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Liberty Ships

August 23, 2018

Before daybreak on September 1, 1939, over 1 million German troops began their invasion of Poland. Two days later, Great Britain and France declared war on Germany. It marked the beginning of World War II. Though at the time our Nation was neutral, President Franklin D. Roosevelt recognized the Nazi threat to democracy. The United Kingdom’s military was ill-prepared for the conflict as was its merchant marine. The British needed munitions, food and other materials, but it was cash poor. By the end the first nine months of war, U-boats had already sunk 150 ships. It was soon apparent that the German navy was sinking Allied ships faster than they could possibly be built and launched.
To provide the massive sealift to nations at war with Germany, Italy and Japan, President Roosevelt decided to increase production of U.S. built ships and devised a program called Lend-Lease. It permitted the sale, “transfer of title to, exchange or otherwise dispose of any ships, materials,” etc to any government deemed vital to the defense of the United States.
Placed in charge of the War Shipping Administration, Rear Admiral Emory S. Land directed the building of 441 feet long, 56 feet wide cargo ships, that were named Liberty ships. Looking over the plans for these ships, President Roosevelt commented, “I think this ship will do us well. She’ll carry a good load. She isn’t much to look at though, is she? A real ugly duckling.” The nickname stuck but Liberty ships proved decisive in helping win the war, transporting some two-thirds of needed battlefield materials.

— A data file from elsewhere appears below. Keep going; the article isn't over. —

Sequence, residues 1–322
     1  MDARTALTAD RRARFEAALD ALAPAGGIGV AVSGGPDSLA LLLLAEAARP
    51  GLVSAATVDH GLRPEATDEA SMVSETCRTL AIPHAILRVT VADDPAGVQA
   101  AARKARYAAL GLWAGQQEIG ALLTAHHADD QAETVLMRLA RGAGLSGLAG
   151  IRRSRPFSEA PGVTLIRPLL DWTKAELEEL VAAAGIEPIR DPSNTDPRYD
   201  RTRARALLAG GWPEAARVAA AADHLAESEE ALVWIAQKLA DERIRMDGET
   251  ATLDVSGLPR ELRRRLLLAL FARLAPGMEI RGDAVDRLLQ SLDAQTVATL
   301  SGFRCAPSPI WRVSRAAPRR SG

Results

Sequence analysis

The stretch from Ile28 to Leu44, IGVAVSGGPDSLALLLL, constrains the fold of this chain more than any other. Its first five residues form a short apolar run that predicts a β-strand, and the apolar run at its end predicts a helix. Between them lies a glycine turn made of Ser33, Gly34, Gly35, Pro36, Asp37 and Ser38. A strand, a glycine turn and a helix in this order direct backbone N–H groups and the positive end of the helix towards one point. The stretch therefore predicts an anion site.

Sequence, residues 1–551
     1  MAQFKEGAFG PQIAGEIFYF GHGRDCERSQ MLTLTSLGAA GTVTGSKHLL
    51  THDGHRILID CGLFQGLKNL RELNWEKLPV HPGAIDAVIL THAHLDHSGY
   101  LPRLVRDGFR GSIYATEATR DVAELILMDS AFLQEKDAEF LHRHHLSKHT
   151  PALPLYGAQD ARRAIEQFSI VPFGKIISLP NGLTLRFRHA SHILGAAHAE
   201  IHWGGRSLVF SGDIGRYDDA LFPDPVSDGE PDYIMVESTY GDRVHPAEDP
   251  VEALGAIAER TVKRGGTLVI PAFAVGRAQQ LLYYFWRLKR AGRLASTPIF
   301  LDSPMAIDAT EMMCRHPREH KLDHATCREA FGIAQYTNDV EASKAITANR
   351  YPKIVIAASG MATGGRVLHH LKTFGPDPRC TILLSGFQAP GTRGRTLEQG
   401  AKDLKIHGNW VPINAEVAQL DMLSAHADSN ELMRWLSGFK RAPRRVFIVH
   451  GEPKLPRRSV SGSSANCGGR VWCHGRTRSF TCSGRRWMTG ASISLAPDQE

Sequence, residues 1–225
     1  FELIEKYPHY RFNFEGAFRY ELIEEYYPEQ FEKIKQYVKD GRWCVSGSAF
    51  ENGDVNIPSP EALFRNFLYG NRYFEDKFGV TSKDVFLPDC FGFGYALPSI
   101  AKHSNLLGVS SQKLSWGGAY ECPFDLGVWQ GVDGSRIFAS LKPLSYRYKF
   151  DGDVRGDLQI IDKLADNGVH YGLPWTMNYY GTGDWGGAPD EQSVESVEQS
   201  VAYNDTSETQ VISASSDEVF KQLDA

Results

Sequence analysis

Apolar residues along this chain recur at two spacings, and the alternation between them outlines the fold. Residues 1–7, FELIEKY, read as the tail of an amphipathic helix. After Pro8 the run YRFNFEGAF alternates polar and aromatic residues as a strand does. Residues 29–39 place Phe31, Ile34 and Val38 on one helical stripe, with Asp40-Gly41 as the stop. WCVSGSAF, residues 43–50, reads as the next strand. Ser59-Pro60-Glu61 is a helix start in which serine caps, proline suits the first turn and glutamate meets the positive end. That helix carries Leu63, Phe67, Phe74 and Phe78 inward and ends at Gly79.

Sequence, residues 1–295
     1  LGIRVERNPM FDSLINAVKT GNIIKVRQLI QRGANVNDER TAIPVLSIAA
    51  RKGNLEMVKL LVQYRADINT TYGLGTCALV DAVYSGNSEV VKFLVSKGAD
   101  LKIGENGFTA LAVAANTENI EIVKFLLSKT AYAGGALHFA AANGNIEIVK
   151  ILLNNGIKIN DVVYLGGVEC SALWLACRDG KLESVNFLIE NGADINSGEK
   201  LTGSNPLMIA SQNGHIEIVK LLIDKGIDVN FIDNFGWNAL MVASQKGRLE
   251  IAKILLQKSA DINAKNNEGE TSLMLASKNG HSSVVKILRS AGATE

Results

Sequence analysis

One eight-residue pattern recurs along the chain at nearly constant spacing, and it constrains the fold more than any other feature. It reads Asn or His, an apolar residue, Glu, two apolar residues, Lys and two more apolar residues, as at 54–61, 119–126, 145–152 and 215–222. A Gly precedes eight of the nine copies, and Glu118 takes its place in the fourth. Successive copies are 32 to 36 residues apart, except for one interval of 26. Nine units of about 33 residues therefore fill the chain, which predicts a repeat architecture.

The launch of the first Liberty ship occurred on September 27,1941. Built in 244 days at Baltimore’s Bethlehem Steel Fairfield Shipyard, the vessel was named SS Patrick Henry, after the Revolutionary War hero who once stated “Give me liberty or give me death.” By April 1943, shipyards on both coasts and the Gulf of Mexico were launching 140 per month of the mass-produced cargo vessels. The SS Robert E. Peary, built at Richmond, California’s Kaiser shipyard, was built and launched in a record of just a little more than 41/2 days! The vessel survived the war; it was scrapped at Baltimore in 1963. From 1941 to 1945, a total of 2,710 Liberty ships were built at 17 of the Nation’s shipyards.
Initially called EC2 ships (=Emergency Cargo, 2= size of ship), Liberty ships were built using some 250-ton prefabricated parts that were transported to shipyards aboard railroad flatcars. The vessels had 5 cargo holds; three forward of the engine room and two aft. The crews’ quarters were located mid-ship. The metal sections were welded while wood, because of shortage of metal, was used for many parts of the interior. Equipped with a 2,500 horsepower steam engine and a single four-blade propeller, their maximum speed was 11 knots (=12.7 mph).
Typically, a Liberty ship crew consisted of 38 to 64 civilian sailors and 21 to 40 naval personnel. With some 4 ships launched daily, there was a shortage of merchant seamen. Staffed by US Nany personnel, ships’ officers, deck and engine-room cadets were trained at the Kings Point (NY) Merchant Marine Academy. Training was also provided at three other sites, Waukegan, IL, Treasure Island, CA and Sheepshead Bay, NY. The US Navy personnel aboard the Liberty Ships maned the 3, 4 or 5 inch guns at the bow and stern along with the anti-aircraft guns positioned over the bridge and on the after deck house. They were also armed with large caliber machine guns.